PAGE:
have heard, the reeve seemed to sympathise with Mclntyre and to be all
for dismissing Foreman Clarke.
Citizen Robinson: That is Reeve
Gold every time. So long as he thinks
any line of policy is popular he advocates it, but when it is unpopular he
becomes "neutral," or switches "rightabout-face."
Citizen Mackenzie: I was glad to
see Councillor Allen take the reeve Up
on Tuesday and show up his inconsistency. "Did I not advise you, and
was it not understood, that the men
engaged on sewer construction were
to be all sewer men, as this was a business proposition?" asked Reeve
Gold when the enginetr explained that
the foremen were handicapped by
having to accept all sorts and conditions of laborers. Councillor Allen,
very rightly, reminded the reeve of
his famous letter to the council in
which he advocated putting two shifts
of 400 men each to work, two weeks
on and two weeks off. "Just imagine
the inconsistency of the reeve I" said
Councillor Allen. "We must employ
none but sewer men one day, and the
next he suggests that 800 men be put
Pantages. opening with the matinee
Monday. The sextet of peaches aforementioned is composed of ptilebritudi-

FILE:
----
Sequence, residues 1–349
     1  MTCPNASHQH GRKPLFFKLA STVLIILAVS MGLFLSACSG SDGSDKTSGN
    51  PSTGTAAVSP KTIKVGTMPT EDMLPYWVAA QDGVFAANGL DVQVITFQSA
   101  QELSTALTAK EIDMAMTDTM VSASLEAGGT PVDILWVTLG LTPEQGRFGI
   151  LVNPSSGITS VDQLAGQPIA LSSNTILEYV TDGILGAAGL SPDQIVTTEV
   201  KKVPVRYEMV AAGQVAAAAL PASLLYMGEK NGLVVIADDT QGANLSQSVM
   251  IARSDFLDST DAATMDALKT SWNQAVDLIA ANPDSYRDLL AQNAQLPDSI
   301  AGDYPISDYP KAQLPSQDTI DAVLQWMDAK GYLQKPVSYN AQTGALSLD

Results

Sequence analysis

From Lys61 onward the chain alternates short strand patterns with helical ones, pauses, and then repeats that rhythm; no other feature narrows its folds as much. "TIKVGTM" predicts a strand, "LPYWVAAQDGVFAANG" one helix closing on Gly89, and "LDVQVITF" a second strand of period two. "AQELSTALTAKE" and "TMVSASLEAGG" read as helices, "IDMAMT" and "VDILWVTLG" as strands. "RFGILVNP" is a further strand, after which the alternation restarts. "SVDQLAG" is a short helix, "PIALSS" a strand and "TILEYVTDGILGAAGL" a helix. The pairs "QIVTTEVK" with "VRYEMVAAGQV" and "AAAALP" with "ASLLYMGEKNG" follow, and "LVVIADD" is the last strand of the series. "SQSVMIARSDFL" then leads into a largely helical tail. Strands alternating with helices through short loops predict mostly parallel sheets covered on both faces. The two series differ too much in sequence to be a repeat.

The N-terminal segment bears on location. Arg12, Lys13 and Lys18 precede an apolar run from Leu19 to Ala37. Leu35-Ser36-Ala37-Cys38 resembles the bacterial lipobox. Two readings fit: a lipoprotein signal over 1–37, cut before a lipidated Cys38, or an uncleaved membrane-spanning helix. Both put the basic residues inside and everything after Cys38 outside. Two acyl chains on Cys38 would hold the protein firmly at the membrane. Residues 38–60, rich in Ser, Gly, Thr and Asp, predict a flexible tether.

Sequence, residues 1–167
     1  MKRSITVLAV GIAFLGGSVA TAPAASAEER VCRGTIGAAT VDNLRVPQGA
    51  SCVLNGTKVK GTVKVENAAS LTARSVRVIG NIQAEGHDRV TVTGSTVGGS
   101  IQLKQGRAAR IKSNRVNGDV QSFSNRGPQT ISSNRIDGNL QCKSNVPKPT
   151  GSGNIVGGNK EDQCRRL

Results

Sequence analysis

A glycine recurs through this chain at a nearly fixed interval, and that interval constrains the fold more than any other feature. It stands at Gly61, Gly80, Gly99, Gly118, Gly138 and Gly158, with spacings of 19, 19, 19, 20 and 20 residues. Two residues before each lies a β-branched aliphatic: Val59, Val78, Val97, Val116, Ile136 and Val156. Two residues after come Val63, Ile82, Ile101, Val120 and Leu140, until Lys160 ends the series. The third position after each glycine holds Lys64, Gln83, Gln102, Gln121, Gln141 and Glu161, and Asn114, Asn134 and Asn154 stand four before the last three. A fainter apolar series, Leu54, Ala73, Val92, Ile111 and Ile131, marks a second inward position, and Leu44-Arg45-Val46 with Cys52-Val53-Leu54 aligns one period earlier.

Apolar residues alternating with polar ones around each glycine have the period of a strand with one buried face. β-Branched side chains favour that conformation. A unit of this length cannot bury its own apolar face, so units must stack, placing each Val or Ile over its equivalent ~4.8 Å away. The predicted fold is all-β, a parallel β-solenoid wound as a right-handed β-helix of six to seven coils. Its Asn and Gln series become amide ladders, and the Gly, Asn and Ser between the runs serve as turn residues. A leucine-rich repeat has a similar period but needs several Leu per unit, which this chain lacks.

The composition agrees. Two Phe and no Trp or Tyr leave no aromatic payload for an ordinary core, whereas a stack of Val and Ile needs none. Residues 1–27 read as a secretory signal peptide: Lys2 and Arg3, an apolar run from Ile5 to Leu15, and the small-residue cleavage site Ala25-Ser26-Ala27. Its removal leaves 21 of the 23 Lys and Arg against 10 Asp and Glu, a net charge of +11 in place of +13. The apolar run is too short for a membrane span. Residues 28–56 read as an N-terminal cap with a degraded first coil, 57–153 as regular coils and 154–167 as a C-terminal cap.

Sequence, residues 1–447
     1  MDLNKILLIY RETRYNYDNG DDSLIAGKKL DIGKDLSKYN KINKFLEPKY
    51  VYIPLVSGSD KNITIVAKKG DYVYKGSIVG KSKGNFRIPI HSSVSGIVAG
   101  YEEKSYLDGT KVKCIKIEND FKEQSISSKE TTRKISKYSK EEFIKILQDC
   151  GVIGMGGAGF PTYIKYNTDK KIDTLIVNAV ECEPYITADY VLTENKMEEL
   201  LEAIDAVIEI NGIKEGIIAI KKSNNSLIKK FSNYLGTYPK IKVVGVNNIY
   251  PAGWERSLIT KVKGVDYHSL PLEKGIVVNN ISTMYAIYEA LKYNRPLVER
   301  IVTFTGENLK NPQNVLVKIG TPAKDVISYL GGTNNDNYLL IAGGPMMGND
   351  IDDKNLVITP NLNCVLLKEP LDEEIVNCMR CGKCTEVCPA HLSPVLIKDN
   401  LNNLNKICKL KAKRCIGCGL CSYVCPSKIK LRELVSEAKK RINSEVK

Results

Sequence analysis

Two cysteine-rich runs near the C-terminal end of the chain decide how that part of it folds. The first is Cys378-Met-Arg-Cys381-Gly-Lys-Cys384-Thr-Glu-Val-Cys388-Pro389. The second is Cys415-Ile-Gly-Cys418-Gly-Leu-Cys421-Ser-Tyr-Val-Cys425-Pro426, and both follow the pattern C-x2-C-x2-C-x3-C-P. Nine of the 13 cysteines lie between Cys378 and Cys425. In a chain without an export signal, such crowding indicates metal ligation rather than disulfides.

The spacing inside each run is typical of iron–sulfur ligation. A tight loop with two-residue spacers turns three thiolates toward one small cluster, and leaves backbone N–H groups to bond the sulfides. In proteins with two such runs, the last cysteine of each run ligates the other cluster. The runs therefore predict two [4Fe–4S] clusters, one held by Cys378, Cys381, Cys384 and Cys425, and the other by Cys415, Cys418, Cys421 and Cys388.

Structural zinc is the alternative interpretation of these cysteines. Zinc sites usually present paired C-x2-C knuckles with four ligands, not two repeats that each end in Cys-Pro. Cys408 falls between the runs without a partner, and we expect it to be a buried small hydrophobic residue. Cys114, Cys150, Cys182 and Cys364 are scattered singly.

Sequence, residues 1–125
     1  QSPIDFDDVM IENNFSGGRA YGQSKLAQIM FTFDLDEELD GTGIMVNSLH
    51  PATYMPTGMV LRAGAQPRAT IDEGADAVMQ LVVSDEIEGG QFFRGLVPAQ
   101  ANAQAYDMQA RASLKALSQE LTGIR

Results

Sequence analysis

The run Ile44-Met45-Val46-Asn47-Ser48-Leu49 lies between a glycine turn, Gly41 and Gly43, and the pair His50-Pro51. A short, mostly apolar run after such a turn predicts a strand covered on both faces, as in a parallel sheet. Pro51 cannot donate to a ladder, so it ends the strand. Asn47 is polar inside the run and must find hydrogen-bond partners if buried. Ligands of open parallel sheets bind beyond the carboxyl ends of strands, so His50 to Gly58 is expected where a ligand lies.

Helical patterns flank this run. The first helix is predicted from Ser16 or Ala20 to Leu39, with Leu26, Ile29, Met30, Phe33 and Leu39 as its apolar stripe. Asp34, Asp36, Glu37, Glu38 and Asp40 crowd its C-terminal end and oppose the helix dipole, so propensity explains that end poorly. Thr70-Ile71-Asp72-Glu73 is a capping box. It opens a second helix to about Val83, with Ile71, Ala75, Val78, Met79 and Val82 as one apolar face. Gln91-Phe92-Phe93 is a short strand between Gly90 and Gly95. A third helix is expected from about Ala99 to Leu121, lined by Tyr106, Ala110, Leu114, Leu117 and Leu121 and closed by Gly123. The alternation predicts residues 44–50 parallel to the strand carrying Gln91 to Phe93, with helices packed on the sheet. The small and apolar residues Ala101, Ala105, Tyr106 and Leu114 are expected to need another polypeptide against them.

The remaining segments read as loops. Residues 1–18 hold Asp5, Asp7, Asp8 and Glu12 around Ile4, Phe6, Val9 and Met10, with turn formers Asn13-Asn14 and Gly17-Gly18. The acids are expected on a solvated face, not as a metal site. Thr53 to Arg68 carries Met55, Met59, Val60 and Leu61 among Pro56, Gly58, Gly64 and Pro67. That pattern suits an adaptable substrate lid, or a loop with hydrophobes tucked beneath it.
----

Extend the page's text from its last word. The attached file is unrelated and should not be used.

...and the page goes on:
notis maids,
For thc special added feature of the
week Manager Graham has arranged
for thc first appearance here of Countess Von Dorman, known as the "Tel-
razzini of Vaudeville." The countess
recently finished an eminently successful engagement at thc Palace in
New York, and is said to bc "some
Norwood and Hall, experienced entertainers, will provide a little sense
and a larger quantity of nonsense.
They are declared to be very funny.
Another clever comedy act will be
furnished by Wanzer and Palmer in
new songs and conversation.
The Van Der Goors are quack illusionists, with what is said to be a
splendid laugh and novelty offering
to show.
Mr. and Mrs. Grady, society dancers, will also appear.
Columbia Theatre
Largely increased patronage with
consequently greater popularity has
followed the action of the Columbia
theatre management in the new policy
of an augmented programme and higher class acts, which was instituted at
the Columbia just a fortnight ago.
Instead of operating on a split-week
schedule as in the past. Manager Al.
W. Gillis is now offering his patrons
a programme of five vaudeville acts
instead of three and several 'reels of
motion pictures to round out the bill.
The programme also runs the full
week now, enabling a much smoother
show to be presented. Practically